Dead Confederates, A Civil War Era Blog

How Crowded Was Monitor‘s Turret?

Posted in Technology by Andy Hall on April 2, 2013

Very.

Samuel Dana Greene’s account of the action with C.S.S. Virginia gives the following description:

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My place was in the turret, to work and fight the guns; with me were [Third Assistant Engineer Louis Napoleon] Stodder and [Chief Eningeer Alban C.] Stimers and sixteen brawny men, eight to each gun. John Stocking, boatswain’s mate, and Thomas Lochrane [Loughran], seaman, were gun-captains.

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It’s not clear to me whether the two gun captains, Stocking and Loughran, were being counted by Greene as part of the eight men assigned to their respective guns, so the total number in the turret during the action was either nineteen or twenty-one. To get a visual sense of what that looked like, I dropped nineteen figures into a model of Monitor‘s turret. This is the result:

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This model doesn’t include any of the other necessary gear that would have been inside the turret, and there was additional plating on the interior surface of the turret (over the joints in the primary plating) that’s not reflected in the model. (Haven’t got to it yet.) So in reality, it was likely more cramped than shown in the model. I haven’t made any particular attempt to put crewmen in exact gun drill positions, either. Also note that the heavy, iron pendula that closed the gunports could not be opened simultaneously — there was too little space between the ports for both to swing clear toward the centerline at the same time. In practice, you would not see both guns run out at the same time.

Nonetheless, a very crowded and chaotic place.

Previous, incomplete renders of this structure are on Flickr, although those show the two hatches on the top of the turret incorrectly — the slid backwards, not inboard as specified on Eriocsson’s original plan.

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21 Responses

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  1. corkingiron said, on April 2, 2013 at 10:49 am

    To further add to the crowding and confusion, I’m guessing the space directly behind the guns was not available – lest the recoil result in serious injuries. Seems they would have needed a choreographer in there as well.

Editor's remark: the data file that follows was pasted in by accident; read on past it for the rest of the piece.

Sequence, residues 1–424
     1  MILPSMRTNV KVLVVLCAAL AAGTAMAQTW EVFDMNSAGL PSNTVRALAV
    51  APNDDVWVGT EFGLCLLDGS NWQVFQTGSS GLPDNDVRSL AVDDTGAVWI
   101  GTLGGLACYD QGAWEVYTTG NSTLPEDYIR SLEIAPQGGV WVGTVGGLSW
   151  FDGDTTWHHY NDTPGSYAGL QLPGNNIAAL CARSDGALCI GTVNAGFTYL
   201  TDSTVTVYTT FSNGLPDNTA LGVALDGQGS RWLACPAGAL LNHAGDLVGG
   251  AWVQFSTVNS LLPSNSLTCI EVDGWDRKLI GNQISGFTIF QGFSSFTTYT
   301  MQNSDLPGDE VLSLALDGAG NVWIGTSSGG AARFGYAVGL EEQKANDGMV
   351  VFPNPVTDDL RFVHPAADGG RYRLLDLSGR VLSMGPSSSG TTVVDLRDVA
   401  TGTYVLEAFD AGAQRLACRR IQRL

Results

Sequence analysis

• Andy Hall said, on April 2, 2013 at 10:51 am

      Drill, drill, and drill some more.

      • corkingiron said, on April 2, 2013 at 10:53 am

        I’m biting my tongue to avoid quoting Palin, dude!

  2. Cotton Boll Conspiracy said, on April 2, 2013 at 11:10 am

    One wonders just how hot and smokey it got inside the turret during an action. Rather uncomfortably so, I would imagine. And I can’t imagine visibility was all that good.

  3. Robert Maresz said, on April 2, 2013 at 11:53 am

    Another supurb modelling job! Thanks for sharing this. Those guns would have to retract all the way to the far side of the turret, or you wouldn’t be able to get a ramrod in the barrel.

    Also, do you know, sir, if the turret was powered by the ship’s engine or if it has hand cranked?

    • Andy Hall said, on April 2, 2013 at 11:58 am

      Thanks. It was powered by steam, with its own engine. It was not, like later turrets, mounted on rollers, and was actually raised very slightly, rotated into place, and lowered again. It was not designed for firing “on the fly,” although I know some monitors during the war did adopt that practice.

      Note the heavy diagonal bracing from the center shaft of the turret to the bottom edge of the armor — this was to take the weight of the armor plate while the turret was raised, when the weight of the entire thing was on that one, central shaft.

      • jfepperson said, on April 3, 2013 at 6:40 am

        Let make sure I understand you—the turret would be pushed up (all bazillion tons of it), then rotated, then set back down? That seems an awkward design to me.

        • Andy Hall said, on April 3, 2013 at 7:14 am

          That’s as I understand it, although the distance is very small, just enough to relieve the weight on the base ring. An inch maybe, but enough to distort the turret without lots of bracing.

  4. Duane Whitlock said, on April 3, 2013 at 8:36 am

    Wonderful model! The one question that has always come to me is; how did they load those guns? Even when they are out of battery, there doesn’t seem to be enough room for the length of the ramrod and sponge and since the gun-port was closed, the implements could not have been extended through the port.